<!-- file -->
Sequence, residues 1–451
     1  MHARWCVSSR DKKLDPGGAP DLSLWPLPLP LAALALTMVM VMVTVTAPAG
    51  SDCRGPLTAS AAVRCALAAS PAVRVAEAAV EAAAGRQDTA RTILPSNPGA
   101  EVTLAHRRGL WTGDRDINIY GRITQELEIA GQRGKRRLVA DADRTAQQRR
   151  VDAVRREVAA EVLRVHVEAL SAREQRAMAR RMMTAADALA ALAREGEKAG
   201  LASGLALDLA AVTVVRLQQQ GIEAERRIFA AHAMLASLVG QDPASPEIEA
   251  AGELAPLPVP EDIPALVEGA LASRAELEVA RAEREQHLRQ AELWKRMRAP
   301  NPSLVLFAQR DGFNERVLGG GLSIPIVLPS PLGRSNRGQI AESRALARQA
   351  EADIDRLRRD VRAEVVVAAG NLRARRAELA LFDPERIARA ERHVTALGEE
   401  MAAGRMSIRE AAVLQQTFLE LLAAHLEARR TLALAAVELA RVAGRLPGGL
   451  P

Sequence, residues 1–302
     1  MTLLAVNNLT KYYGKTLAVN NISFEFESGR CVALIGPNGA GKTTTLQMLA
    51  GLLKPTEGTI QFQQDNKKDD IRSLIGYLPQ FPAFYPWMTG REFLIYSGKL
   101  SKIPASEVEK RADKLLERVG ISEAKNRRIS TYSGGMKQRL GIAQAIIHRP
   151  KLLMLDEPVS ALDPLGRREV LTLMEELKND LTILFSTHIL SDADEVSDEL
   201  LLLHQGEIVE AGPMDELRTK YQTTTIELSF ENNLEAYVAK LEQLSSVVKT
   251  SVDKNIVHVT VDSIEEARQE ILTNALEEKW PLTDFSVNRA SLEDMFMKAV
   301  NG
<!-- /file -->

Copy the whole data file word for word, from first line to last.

Sequence, residues 1–451
     1  MHARWCVSSR DKKLDPGGAP DLSLWPLPLP LAALALTMVM VMVTVTAPAG
    51  SDCRGPLTAS AAVRCALAAS PAVRVAEAAV EAAAGRQDTA RTILPSNPGA
   101  EVTLAHRRGL WTGDRDINIY GRITQELEIA GQRGKRRLVA DADRTAQQRR
   151  VDAVRREVAA EVLRVHVEAL SAREQRAMAR RMMTAADALA ALAREGEKAG
   201  LASGLALDLA AVTVVRLQQQ GIEAERRIFA AHAMLASLVG QDPASPEIEA
   251  AGELAPLPVP EDIPALVEGA LASRAELEVA RAEREQHLRQ AELWKRMRAP
   301  NPSLVLFAQR DGFNERVLGG GLSIPIVLPS PLGRSNRGQI AESRALARQA
   351  EADIDRLRRD VRAEVVVAAG NLRARRAELA LFDPERIARA ERHVTALGEE
   401  MAAGRMSIRE AAVLQQTFLE LLAAHLEARR TLALAAVELA RVAGRLPGGL
   451  P

Sequence, residues 1–302
     1  MTLLAVNNLT KYYGKTLAVN NISFEFESGR CVALIGPNGA GKTTTLQMLA
    51  GLLKPTEGTI QFQQDNKKDD IRSLIGYLPQ FPAFYPWMTG REFLIYSGKL
   101  SKIPASEVEK RADKLLERVG ISEAKNRRIS TYSGGMKQRL GIAQAIIHRP
   151  KLLMLDEPVS ALDPLGRREV LTLMEELKND LTILFSTHIL SDADEVSDEL
   201  LLLHQGEIVE AGPMDELRTK YQTTTIELSF ENNLEAYVAK LEQLSSVVKT
   251  SVDKNIVHVT VDSIEEARQE ILTNALEEKW PLTDFSVNRA SLEDMFMKAV
   301  NG